There’s a similar word that gets thrown around Christian circles: “Liberal.” “Evangelical” is used to throw shade on someone sticking too closely to the traditional understanding of the Christian religion, and “liberal” is meant to throw shade at those who don’t hold close enough to the traditional understanding of the Christian religion. Both are, of course, from the perspective of the one throwing shade. Not only is this measured by how far one might stray or adhere to the traditional understanding of scripture as a whole, but particular traditional points. Some people have told me I’m a liberal for saying I trust biologists to know what they’re talking about when they discuss biology and evolution but say that since my understanding of how faith and salvation is text based it’s fine. Others say that my stance on faith and salvation is too liberal to be forgiven but my trust in experts for biology and evolution is no big deal. On the other end, for some my belief that Jesus physically rose from the dead makes me an evil evangelical and too conservative to be reasoned with, but the belief that the text of the Bible has been reliably transmitted is fine. For others, trusting that the text is preserved by God is conservative beyond credulity, but believing that Christ physically raised is fine. And since I don’t typically take political positions, my lack of stance on this or that political issue is always taken as a sign that I’m on the other side and beyond all reason.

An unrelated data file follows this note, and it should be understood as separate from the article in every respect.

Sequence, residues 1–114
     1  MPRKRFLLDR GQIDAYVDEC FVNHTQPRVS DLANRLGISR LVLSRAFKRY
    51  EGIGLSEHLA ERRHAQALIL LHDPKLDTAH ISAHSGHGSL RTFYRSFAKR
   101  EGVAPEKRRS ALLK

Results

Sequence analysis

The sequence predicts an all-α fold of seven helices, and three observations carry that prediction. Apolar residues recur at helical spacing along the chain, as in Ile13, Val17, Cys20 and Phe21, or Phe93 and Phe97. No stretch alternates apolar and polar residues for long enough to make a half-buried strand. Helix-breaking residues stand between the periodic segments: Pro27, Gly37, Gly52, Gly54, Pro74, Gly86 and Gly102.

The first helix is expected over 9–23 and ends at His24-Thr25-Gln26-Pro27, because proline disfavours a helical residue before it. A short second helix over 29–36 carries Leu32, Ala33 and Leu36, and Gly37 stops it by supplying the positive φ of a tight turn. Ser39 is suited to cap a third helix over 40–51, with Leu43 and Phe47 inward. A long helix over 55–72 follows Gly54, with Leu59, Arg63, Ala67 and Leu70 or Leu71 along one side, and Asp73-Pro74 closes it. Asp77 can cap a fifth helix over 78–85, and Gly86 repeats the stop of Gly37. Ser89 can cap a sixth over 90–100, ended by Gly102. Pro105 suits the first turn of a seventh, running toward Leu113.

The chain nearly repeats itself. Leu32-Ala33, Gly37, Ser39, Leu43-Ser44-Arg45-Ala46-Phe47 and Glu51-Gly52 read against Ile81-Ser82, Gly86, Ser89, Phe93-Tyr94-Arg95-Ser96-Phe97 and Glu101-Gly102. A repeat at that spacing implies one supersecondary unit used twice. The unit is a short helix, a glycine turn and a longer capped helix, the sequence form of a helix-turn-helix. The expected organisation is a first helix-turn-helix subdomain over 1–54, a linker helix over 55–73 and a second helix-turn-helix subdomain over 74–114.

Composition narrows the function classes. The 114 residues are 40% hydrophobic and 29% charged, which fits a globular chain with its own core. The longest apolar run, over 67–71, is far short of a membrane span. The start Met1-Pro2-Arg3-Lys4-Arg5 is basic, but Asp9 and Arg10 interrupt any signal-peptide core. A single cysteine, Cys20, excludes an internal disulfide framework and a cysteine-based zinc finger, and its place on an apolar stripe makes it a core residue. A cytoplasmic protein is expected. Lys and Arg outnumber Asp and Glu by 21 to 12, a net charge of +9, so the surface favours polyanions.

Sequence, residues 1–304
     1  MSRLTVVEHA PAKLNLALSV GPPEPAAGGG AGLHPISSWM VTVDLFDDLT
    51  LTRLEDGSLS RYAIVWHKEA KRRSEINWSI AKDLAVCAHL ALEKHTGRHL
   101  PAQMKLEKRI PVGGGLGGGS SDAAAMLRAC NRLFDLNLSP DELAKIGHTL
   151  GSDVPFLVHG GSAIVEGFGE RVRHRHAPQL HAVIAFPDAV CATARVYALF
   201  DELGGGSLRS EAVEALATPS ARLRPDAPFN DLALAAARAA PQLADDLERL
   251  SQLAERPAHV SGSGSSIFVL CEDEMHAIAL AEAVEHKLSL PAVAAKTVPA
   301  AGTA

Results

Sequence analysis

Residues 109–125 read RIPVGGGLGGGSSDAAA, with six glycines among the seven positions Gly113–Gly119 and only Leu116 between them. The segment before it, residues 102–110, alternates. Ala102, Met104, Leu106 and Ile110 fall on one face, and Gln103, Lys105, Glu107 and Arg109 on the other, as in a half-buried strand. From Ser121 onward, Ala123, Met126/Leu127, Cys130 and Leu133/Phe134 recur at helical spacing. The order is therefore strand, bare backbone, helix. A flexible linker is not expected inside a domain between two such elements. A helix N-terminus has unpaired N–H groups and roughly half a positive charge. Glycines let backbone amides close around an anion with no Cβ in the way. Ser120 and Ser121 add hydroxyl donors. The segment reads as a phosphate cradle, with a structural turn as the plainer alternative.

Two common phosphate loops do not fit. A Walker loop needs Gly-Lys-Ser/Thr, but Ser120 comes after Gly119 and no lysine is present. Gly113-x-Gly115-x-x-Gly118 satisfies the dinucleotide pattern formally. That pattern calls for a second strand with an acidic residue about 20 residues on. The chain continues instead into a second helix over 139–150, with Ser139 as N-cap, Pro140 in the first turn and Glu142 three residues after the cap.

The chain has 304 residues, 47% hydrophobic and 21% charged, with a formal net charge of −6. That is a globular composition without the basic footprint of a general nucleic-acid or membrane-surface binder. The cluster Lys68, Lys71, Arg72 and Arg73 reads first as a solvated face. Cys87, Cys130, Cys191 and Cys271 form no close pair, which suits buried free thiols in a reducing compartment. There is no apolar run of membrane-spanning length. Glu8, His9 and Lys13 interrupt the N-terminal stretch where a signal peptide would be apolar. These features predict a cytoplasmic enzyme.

With the various ways the words evangelical and liberal have been used to describe me, I have reached a point where I need to conduct a half hour interview before I can decide if it’s a legitimate insult or a strawman or an accurate description when someone assigns me the label. With such a wide range of usages, I think that it’s time to retire these terms, particularly when used as an insult.

So what am I?

I’ve never been a fan of the self-identification movement. It has been my observation that most often when people are assigning terms to themselves, they’re very often not helpful. Sometimes they’re self-deluded. Sometimes they’re coining a new phrase that doesn’t have any well established meaning. To that end, I’m more likely to ask someone which distinctions are important to them in any particular conversation and then point to moments in my history which clearly connect me with this side or that side of whatever divide they’re interested in. (Or the sidelines of that issue.)